1. What is the difference between primary liability and secondary liability (i.e. bobtail, unladen, non-trucking)?
Primary liability coverage is protection for the public and is required by FMCSA to obtain your own authority. Secondary liability coverage is required by your motor carrier and only covers you while under a permanent signed lease with them. Please see our list of coverages for differences between the secondary liability coverages.
2. What is the minimum coverage that I need to get my authority?
FMCSA only requires $750,000 primary liability coverage, but most shippers/brokers require $1,000,000 to load you. The most common request for cargo is $100,000, but this would depend on what you’re hauling and who you are hauling for.
3. What coverage do I need to get my tags?
Primary liability coverage. If you are running under your own authority, you should have this coverage in your name. If you are leased to a Motor carrier, then you should have this coverage through them.
4. What is the purpose of Physical Damage if my truck is parked or there is no leinholder?
Physical damage covers the investment you have made in your truck. It covers a variety of perils other than collision, such as; fire, theft, vandalism, wind and hail.
5. Can I get my own primary liability and cargo when I am leased to a motor carrier?
FMCSA requires the motor carrier whose authority you are running under to obtain the Primary Liability and Cargo coverage. However, the motor carrier can charge you for this coverage. You need to review any lease agreements carefully prior to signing them to determine what fees the motor carrier is charging you for.
6. Can I use bobtail liability to get my tags?
Usually not as most states require proof of financial responsibility, which is the Primary Auto Liability Insurance, not Bobtail Liability. Depending on the day and who is helping you at the DMV, you may get by with using proof of Bobtail.
7. What is my truck valued at and what is the difference between actual cash value and stated limit?
There is no value set on equipment as actual cash value is the cost of your equipment at the time of a loss minus depreciation. A Stated Limit Policy is when the insured places a value on their equipment. In the event of a loss, a Stated Limit Policy will pay either the actual cash value or the stated limit, whichever is less. Insured’s with stated limit policies can risk over insuring or under insuring their equipment.
8. Are there any age restrictions on the passenger accident coverage?
No, refer to the list of coverage’s for more details.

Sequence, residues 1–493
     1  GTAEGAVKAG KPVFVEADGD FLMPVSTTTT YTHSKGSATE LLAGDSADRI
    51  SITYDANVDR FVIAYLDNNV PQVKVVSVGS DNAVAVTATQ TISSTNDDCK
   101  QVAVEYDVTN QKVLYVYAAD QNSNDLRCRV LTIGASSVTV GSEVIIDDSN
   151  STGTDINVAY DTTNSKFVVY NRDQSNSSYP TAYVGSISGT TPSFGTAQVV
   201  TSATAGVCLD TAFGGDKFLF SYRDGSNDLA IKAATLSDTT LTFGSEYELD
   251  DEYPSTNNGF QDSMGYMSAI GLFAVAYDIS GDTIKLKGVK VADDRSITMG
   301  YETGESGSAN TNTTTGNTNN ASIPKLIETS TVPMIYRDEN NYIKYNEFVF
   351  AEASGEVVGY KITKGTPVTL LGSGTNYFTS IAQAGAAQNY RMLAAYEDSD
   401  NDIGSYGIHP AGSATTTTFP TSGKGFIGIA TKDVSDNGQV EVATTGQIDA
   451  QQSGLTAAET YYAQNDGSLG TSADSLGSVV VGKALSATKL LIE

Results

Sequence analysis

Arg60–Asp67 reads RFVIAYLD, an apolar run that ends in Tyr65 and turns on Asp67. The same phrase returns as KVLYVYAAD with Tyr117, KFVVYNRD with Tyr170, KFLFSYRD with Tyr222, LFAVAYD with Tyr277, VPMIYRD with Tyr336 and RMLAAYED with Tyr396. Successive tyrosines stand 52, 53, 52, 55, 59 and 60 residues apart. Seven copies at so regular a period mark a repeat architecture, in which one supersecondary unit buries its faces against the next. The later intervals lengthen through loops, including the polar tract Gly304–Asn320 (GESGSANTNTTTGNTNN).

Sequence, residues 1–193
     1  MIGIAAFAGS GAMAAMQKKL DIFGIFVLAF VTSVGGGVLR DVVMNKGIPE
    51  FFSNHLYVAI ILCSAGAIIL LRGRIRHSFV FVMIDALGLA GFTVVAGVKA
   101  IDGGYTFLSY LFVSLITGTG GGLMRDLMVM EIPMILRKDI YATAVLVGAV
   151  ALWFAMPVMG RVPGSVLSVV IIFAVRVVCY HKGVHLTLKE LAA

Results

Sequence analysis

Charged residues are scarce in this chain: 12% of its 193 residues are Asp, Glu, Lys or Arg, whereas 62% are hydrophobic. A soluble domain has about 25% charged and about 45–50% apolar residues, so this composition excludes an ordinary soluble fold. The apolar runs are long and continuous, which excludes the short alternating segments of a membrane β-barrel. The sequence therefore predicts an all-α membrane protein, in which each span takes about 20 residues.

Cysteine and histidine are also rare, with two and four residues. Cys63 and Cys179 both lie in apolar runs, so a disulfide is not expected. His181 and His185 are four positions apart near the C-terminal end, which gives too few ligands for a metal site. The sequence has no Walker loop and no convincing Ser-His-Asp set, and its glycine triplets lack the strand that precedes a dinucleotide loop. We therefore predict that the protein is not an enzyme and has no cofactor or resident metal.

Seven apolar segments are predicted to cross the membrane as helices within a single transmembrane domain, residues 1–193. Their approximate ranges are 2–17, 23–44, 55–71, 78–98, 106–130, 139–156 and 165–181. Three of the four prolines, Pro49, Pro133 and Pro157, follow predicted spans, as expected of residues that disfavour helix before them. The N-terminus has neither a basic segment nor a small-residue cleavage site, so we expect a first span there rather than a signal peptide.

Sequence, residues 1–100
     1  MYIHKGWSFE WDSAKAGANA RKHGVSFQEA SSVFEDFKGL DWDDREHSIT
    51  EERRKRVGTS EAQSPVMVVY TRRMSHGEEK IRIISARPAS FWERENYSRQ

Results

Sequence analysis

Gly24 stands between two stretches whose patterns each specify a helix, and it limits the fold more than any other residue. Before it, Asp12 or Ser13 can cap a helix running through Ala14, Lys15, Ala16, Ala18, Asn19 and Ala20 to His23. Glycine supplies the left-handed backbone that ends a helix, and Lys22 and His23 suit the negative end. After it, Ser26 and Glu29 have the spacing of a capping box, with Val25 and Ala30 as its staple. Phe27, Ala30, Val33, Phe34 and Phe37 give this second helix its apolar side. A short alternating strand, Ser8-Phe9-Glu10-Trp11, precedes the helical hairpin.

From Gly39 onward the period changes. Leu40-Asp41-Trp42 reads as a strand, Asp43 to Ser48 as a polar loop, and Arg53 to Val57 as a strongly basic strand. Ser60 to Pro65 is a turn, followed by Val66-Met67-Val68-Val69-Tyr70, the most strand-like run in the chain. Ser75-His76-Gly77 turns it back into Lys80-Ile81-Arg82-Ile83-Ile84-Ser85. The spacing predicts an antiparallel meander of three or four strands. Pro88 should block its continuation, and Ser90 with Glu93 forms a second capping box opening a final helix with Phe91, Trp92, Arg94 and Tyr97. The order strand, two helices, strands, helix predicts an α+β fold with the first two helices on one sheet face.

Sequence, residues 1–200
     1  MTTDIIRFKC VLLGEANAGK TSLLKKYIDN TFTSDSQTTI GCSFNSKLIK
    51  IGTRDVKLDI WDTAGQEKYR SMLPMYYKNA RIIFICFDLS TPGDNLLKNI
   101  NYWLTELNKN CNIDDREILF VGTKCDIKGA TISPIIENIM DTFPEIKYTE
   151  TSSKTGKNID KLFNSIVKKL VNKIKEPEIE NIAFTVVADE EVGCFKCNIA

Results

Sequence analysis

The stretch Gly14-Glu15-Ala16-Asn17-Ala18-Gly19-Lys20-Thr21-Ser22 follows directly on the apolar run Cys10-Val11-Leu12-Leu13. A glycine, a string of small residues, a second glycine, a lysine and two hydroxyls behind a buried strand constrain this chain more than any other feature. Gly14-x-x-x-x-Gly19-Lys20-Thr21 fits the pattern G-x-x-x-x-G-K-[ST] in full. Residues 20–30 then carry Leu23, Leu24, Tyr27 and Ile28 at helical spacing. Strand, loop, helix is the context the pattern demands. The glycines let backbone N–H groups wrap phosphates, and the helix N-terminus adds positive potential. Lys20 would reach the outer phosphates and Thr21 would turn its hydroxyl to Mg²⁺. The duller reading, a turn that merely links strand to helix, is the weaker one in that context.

9. What insurance do I need to run under my own authority?
Auto Liability and Cargo insurance are the most important coverage’s required to run under your own authority. Other coverage’s may be required in your contract(s) with your brokers and shippers.
10. Am I required to have higher limits of auto liability and cargo insurance if I am a car hauler with my own authority?
Yes, FMCSCA requires all car hauling operations to carry $1,000,000.00 in Liability, regardless of the fact that the minimum requirements set by FMCSA for general operations are only $750,000.00. Cargo limits are typically higher than the usual $100,000.00 and would need to be determined based on several factors including your broker and shipper requirements, what type of automobiles are being hauled and how many automobiles can be hauled at one time.
11. What coverages do I need if I lease on to a motor carrier?
Any requirements for secondary liability; i.e. bobtail/non trucking or unladen liability, coverage’s should be specified in your lease agreement with the motor carrier. The lease should also list any additional coverage’s the motor carrier requires. Then you will always have the option to purchase additional coverage on your own to protect your equipment.
12. Do I need bobtail liability if I haul under my own authority?
No. If the primary auto liability is in your name or your corporation and you are the owner of the truck, you would not be required to carry bobtail liability.
13. What is the difference between surplus lines and admitted carriers?
Admitted carrier’s are licensed in a particular state to do business and is regulated by each state’s Division of Insurance. The States are required to monitor the finances and market conduct of the admitted carrier companies and all admitted carriers are obligated to contribute to a state fund – or guaranty fund – which is used to pay claims if any of these licensed insurers were to go insolvent. A surplus line’s carrier is not required to be licensed in your state but do need to be licensed in the state in which they are domiciled. The Division of Insurance or some other type of authority monitors the financial condition of the surplus lines carrier to ensure solvency as there is no guarantee fund. OOIDA’s Surplus lines program is reinsured through Lloyds of London, which is the largest, oldest insurance company in the world.
14. What can I, the insured, do to ensure I am getting the lowest rates possible?
Be honest with your agent about your operation and your records – including work history and your MVR. By doing your due diligence in operating your business in a professional manner and remaining loss free, you should receive better rates. Make sure when you are looking at premiums you are also comparing coverage. Not all policies are just alike. Another important aspect is what type of service you will receive. If you insure for lower rates, but that company can’t provide good timely service, the lower premiums will not help you out at all when you can’t get loaded due to problems with your insurance.